Put aside the old standards of hard work, saving, self-reliance, inventiveness, study, devotion to excellence, etc. Today, just like the privileged nobility of the past, everyone has access and is privileged by equity to all things. Gone are the defining characteristics of freedom, liberty and self-reliance for example which gave ALL people (especially of course after the Civil War and after the Civil Rights period of the 1960s) the right to COMPETE for all things.

Now, by virtue of the new definition of equity all are privileged to enjoy everything, bestowed upon them by a benevolent government which will secure for all people the same rights and the fruits of their accomplishments which came to them in the past from WORKING for it. This, by the way, is the theory behind socialism and communism: the government, staffed by the party (only one party allowed), controls everything from politics to the economic engines of society. See China for a pretty successful model of the latter (economic successes) and Venezuela for a lousy model (almost bankrupt and empty grocery shelves). And both are excellent models of the single party theory of controlling everything from politics to family life. Let me emphasize everything comes under government control.

So today we have a new “privileged” class. Not the old nobility who were born to power, wealth, and privilege, but a new nobility, described by the principle of equity, which basically contends that all people should be the recipient of all things, especially those who haven’t “made it” in today’s world, usually blamed on their birth, color, ethnicity, sex, sexual choices or other characteristics now applied to break down the human race into its many different parts.

Let me give you one example. Boys and men who choose to identify as girls/women now are allowed to compete in women’s sports and absolutely ruin the sport for girls because men are by nature stronger and faster than girls. What happened to the differences between them, which springs from nature and is confirmed by Christian principles? No more. ALL people, either identified by birth, or by choice (“I think I’ll be a girl today mom”) are now privileged by equity and affirmed and protected by government. Guess who’s coming into your locker rooms girls?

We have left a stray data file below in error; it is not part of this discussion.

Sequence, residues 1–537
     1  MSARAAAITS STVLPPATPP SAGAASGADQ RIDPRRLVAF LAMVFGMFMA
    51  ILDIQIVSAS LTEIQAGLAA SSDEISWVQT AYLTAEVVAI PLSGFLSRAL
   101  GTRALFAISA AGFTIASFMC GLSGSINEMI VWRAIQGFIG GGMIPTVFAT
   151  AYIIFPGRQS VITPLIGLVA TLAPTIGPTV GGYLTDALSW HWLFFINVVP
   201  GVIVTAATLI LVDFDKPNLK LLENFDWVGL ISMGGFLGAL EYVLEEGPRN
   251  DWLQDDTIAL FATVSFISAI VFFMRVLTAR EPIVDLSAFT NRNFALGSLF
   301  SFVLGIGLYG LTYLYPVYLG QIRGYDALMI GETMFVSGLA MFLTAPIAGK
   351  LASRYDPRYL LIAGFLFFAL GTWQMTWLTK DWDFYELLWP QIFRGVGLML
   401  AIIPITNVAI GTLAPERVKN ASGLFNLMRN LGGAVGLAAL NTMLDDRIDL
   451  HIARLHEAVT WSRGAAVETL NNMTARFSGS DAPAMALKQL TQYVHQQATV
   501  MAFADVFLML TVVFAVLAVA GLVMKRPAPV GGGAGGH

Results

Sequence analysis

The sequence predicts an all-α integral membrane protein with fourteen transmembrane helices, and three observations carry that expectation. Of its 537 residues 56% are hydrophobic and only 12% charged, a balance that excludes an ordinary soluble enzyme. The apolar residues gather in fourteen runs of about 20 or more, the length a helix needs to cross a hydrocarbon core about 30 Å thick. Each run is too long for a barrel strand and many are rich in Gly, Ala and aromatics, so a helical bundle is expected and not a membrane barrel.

We are in fact NOT all the same. Our society is immensely diversified, like all mankind, or human beings if you are offended by the word man to refer to all people. We are gifted differently by our God who views us with the same love and compassion for all of us. Let’s be clear and not invite some comment, “well that’s a contradiction Larry, we can’t all be the same, and be different at the same time.” To which I answer, work on it. Expand your mind beyond your politics. The world does not turn around your political ideology. It turns around our God who embraces us all the same, even though each of us is different. All Jesus asks of us is to believe in Him and our beliefs and faith will lift us up in so many ways. This is not a course on Christianity, but you Christians know what I’m writing, and if you are still in doubt, get yourself into a good church, a good Sunday school class, a good “small group” in the new argot, and begin.

What is the answer to all of the above? Let me return to the “old school” way of working through problems and issues. Don’t bite off my head and insult me for speaking what I consider to be the truth. Let’s talk. Let’s get together and speak of these issues. Let’s listen to each other. If you think the privileged of the past (nobilities and monarchies) and the privileged of the present (equity as the doorway to privilege) is better than a free people, self-reliance, personal responsibility, liberty, and so many factors that have made us an “exceptional” nation, then let’s talk and listen to each other, not yell, shout, cast aspersions, accuse, and ultimately turn to the streets and assault, riot, burn, and kill policemen, whether it is in downtown Portland or at the Capitol in Washington. We did this in the past and it led to the Civil War in which more soldiers on both sides were killed and wounded than all the other wars combined until the Vietnam War. Haven’t we learned our lessons?